dual bow rollers

The friendliest place on the web for anyone who enjoys boating.
If you have answers, please help by responding to the unanswered posts.

JanisK

Veteran Member
Joined
Aug 8, 2011
Messages
88
Location
Australia
Vessel Name
NightinGayle
Vessel Make
Tradewinds 42
As my CQR anchor needs replacing (I'm getting a Sarca #8 http://www.anchorright.com.au/downloads/sarca_flyer.pdf ) and will likely need to replace the bow roller/bowsprit assembly I have been debating with myself whether I should get a dual roller bowsprit.

I am new to anchoring - mostly berth or run up onto a beach - but have aspirations of coastal cruising so will need to get that experience and knowledge.* Having read Earl Hinz' book on anchoring with his advice on using dual bow anchors on some occasions and using a snubber too it seems a second roller would be very handy.

What surprises me is that despite widespread googling I cant find any.* What does the forum think?
 
Here is a picture of the set up on my 43' Marine Trader.
Port side anchor is a CQR on about 15' of chain, then nylon rode.
Stbd anchor is a Bruce, on 250' of all chain rode.

The windless has a gypsy for nylon rode on port side, chain for starboard. So far I've always anchored with the Bruce, but no problems so far. Only problem I've had is on a mooring, where the pennant hangs up on the Bruce if the wind is light or shifts.
 

Attachments

  • img_4197.jpg
    img_4197.jpg
    54.6 KB · Views: 147
  • img_4200.jpg
    img_4200.jpg
    49.6 KB · Views: 137
  • img_3686.jpg
    img_3686.jpg
    97.1 KB · Views: 145
  • img_4657.jpg
    img_4657.jpg
    99.7 KB · Views: 143
  • 260214_10150226153352467_560357466_7497134_2448644_n.jpg
    260214_10150226153352467_560357466_7497134_2448644_n.jpg
    105.3 KB · Views: 150
  • cimg7471.jpg
    cimg7471.jpg
    119 KB · Views: 141
Looks like you have triple rollers?
 
Well, technically, yes.
The pulpit has two built in rollers, the CQR is on the port roller, stbd roller remains empty (I run the snubber line through there and to the samson post). Then there is a stainless roller bolted on top of the pulpit, just a hair to stbd of center line - the Bruce rests there.
 
Gemma:

Are you planning on mounting two anchors at the same time? Some do, obviously, so need a separate roller for each. Most use only one anchor at a time, so only need a single roller. I mount only one anchor on the roller. The spare resides in the lazarette, where it acts as ballast.
 
7tiger7 wrote:
Stbd anchor is a Bruce, on 250' of all chain rode.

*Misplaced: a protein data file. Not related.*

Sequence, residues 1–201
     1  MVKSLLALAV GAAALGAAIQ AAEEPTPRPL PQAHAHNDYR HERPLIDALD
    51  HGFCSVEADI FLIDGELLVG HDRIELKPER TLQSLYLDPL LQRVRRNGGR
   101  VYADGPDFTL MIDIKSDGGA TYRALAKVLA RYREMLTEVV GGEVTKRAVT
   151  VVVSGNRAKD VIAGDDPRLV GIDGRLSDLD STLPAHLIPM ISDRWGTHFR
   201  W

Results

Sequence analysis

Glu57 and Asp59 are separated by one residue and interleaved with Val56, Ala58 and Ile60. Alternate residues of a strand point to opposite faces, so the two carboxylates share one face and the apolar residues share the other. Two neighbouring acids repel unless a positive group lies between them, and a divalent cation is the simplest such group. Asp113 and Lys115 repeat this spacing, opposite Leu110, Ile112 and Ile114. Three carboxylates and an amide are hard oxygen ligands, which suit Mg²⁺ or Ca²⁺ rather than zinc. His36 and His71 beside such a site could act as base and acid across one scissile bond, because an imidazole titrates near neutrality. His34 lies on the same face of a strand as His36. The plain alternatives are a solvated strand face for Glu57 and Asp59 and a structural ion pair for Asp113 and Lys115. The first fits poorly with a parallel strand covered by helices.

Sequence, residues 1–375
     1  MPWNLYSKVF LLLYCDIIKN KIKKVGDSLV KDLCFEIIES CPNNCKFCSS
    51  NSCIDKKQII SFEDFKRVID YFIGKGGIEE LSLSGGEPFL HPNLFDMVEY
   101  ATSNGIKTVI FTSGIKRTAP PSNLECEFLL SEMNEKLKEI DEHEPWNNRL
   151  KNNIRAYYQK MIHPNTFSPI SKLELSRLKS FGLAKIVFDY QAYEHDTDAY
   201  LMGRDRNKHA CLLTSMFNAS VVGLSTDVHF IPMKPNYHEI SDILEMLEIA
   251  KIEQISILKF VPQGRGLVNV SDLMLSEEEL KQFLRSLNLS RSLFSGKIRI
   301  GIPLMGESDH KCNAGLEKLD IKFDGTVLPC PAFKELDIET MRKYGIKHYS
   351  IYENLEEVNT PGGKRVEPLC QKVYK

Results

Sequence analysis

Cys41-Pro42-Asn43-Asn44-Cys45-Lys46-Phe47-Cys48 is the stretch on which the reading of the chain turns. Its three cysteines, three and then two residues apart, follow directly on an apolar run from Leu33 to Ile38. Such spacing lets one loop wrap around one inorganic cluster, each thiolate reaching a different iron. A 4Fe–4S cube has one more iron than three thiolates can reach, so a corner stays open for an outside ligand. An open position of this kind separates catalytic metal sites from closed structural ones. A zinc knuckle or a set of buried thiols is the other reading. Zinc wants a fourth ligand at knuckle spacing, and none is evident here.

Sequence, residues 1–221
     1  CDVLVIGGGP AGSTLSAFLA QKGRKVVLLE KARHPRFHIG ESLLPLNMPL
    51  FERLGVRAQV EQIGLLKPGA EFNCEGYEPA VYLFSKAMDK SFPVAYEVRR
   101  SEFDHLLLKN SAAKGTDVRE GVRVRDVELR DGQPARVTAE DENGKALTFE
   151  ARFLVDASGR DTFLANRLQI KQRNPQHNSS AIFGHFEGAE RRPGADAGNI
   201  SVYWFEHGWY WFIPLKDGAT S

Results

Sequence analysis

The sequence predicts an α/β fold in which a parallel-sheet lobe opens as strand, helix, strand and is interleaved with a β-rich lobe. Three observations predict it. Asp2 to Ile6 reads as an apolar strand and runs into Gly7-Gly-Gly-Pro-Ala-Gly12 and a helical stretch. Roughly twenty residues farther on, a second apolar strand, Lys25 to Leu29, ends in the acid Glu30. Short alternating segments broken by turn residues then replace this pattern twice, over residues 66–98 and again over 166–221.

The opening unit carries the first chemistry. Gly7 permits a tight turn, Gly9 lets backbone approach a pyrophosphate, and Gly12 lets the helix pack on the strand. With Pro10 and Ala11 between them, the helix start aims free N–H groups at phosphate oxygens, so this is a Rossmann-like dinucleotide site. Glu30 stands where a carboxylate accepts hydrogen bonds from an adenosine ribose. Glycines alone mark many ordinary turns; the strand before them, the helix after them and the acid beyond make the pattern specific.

*Be prepared for Marin telling you the Bruce is no good.
smile.gif
 

Attachments

  • back in water2.jpg
    back in water2.jpg
    92.6 KB · Views: 194
Is that where the song "Don't bring me down, Bruce" is from?
I didn't know Marin was a famous 70's singer ;)
 
OK, pop quiz, Where is Marins Bruce anchor? Or what does he say he uses it for?

First correct answer gets a free drink whenever they see me.

Ken


-- Edited by 2bucks on Saturday 11th of February 2012 08:46:38 PM
 
I think he uses it as a door stop in his garage.

Mike
Palm Coast FL
 
Keith (and others)
I was thinking to use a single anchor mostly and use the second roller for the snubber on those occasions. However should a storm situation arise I could the second roller to run a second anchor from the bow to have a forked or hammerlock moor. Without a second roller it would, I imagine, be more problematic how to drop, operate, retrieve and tie off a second anchor as I wouldnt be able to do so from the bowsprit. Or am I missing something and am completely on the wrong track?

Thanks for your help.

Janis
 
Janis,
I have a double roller set up on Tidahapah but only carry my primo anchor on the port roller (suits the chain gypsy), Prime anchor is a SARCA Excel #8.
My snubber lays over the same roller.
The secondary roller is for a second anchor if required or for the reef pick (s/s star anchor) this has 10 mts chain and all rope rode. on a retrival buoy system.

Mostly in strong winds up in the Swains and coast reef areas, if I am pre warned re strong winds I attach a second anchor on the front of my primary anchor with about 10/15 mts chain and bed it well in. I carry my secondary anchors in the lazzerette, a 45 lb plough and a large s/s danforth anchor.
 
Benn
Thanks for your input. Is your dual roller bowsprit a combined dual production model, custom made or two separate fittings? I havent been able to find any already made dual roller products on the net and as my timber bowsprit that the roller/s will be mounted on is only 20cm wide I cant accommodate two separate units. Any suggested suppliers?